PokerStrategyKaufman did allude to PokerStrategy’s significant affiliate-relationship with FTP as likely not unrelated to the site landing such “exclusives.” The prominence of the news and strategy site outside of the U.S. likely also encourages Full Tilt’s wish to deliver their messages there, since so many of those who could possibly play on a new version of FTP (if it were ever to be relaunched) are likely familiar with PokerStrategy.

So Ifrah requested the interview and asked for questions to be submitted -- which were then vetted -- and answers were emailed back to Kaufman with no chance for follow-ups (obviously). The questions that were chosen were all of a very general nature, asking Bitar why he hasn’t spoken before, what he’s been doing since Black Friday, and “is there anything you would like to say?” And the answers were all very general as well, stating essentially that Bitar still hoped to get players their money, that he also hoped Full Tilt would somehow survive this mess in some form or another, and that he was sorry.

There is a lot of redundancy, too, among the responses. Even though his three answers only total about 450 words, Bitar managed to repeat the declaration that he is working toward getting players paid and keeping Full Tilt Poker alive no less than six times.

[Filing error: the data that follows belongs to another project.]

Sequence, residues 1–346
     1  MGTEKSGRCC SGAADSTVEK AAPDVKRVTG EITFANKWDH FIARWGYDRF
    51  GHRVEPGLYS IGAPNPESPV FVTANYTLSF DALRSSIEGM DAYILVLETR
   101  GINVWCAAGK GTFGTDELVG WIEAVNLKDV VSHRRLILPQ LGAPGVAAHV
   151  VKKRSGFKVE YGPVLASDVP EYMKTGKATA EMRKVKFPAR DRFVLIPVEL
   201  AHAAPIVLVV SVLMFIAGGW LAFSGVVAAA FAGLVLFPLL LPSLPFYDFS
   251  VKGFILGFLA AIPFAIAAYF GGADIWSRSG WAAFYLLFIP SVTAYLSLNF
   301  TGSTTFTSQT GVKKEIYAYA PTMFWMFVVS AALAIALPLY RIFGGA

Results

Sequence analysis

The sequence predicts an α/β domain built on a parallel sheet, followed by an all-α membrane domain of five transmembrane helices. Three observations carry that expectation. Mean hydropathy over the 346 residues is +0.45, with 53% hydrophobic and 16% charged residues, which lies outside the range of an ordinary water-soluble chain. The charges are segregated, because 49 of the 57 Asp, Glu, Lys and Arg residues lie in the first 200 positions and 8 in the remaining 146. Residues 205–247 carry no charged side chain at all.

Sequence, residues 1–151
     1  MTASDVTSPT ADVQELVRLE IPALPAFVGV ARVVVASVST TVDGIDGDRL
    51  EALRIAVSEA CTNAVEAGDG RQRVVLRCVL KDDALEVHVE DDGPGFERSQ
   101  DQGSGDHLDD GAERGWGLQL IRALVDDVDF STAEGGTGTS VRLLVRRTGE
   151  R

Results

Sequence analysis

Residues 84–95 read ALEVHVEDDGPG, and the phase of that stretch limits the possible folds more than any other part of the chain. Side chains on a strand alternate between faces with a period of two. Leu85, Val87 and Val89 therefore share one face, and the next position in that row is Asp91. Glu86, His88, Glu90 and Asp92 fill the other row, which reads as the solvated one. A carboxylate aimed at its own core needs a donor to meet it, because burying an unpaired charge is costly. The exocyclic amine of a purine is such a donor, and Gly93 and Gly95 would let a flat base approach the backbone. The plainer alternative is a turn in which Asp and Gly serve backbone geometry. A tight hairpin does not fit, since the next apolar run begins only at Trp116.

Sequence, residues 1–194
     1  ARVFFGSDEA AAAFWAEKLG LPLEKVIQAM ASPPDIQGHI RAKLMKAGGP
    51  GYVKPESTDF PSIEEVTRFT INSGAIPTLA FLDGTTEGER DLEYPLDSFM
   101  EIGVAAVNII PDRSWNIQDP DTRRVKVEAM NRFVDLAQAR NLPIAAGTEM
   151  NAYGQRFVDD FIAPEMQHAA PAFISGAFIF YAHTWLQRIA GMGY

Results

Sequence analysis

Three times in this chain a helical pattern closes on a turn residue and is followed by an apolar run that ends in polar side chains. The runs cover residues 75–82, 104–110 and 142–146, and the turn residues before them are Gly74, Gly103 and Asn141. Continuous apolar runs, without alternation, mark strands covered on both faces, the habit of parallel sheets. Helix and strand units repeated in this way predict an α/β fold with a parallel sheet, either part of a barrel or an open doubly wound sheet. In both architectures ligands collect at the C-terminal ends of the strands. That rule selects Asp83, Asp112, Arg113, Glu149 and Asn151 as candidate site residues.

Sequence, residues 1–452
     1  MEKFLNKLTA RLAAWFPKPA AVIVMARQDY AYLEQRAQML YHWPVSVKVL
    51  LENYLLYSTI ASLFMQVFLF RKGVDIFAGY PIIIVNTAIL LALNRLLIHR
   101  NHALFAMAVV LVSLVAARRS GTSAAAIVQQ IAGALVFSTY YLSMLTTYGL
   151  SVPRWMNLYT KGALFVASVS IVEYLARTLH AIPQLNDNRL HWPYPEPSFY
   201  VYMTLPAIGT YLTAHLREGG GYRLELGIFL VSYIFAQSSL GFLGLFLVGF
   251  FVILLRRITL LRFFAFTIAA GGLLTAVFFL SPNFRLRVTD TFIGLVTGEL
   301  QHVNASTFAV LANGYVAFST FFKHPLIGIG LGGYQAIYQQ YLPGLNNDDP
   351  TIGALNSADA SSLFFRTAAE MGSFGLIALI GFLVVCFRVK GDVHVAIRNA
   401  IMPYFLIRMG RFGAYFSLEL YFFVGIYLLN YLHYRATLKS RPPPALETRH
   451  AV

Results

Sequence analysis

Bitar says that he has “been working every single day since Black Friday to ensure players are repaid,” which he calls his “top priority.” His also says his “primary focus has been and continues to be... the repayment of the players and the survival of the company.” And again, he mentions he is “doing everything possible” to make these things happen.

“I spend a good deal of my time making sure that FTP survives and that the players get paid,” Bitar goes on to say. “I continue to work on these issues, day and night until we resolve them,” he adds. And, in case we missed it before, he once more reminds us his “entire focus is on obtaining a successful resolution for the players.”

Alas, it’s hard not to be cynical and call the Bitar interview a weak echo of one of those FTPDoug “updates” that strung us along last spring and summer. Even the phrasing directly recalls those spoonfuls of poorly-conceived PR applesauce in which the mouthpiece informed us time and again that FTP “has worked tirelessly” and are “absolutely committed” and “we have been working around the clock to get this done” and so on. Recall as well how those updates often concluded with statements -- again, like Bitar’s -- that “it has not been easy to stay silent and watch the damage being done to our company brand.”

Ray BitarSo while I was surprised Bitar spoke at all, it isn’t that much of a surprise to find him sounding a lot like FTPDoug, since we all knew FTPDoug wasn’t speaking for himself, but just passing along what the higher-ups -- including Bitar -- told him to report. (At least he didn’t repeat another of FTPDoug’s infamous statements -- highlighted by the DOJ in the amended civil complaint in September -- that “your funds remain safe and secure at FTP.”)

Thus, as I say, there’s nothing tangible to take away from Bitar’s bite-sized blurbs. But really, why would we think he’d feed us anything? We already knew the shell game had ended long before. And that there wasn’t a single pea under any of them.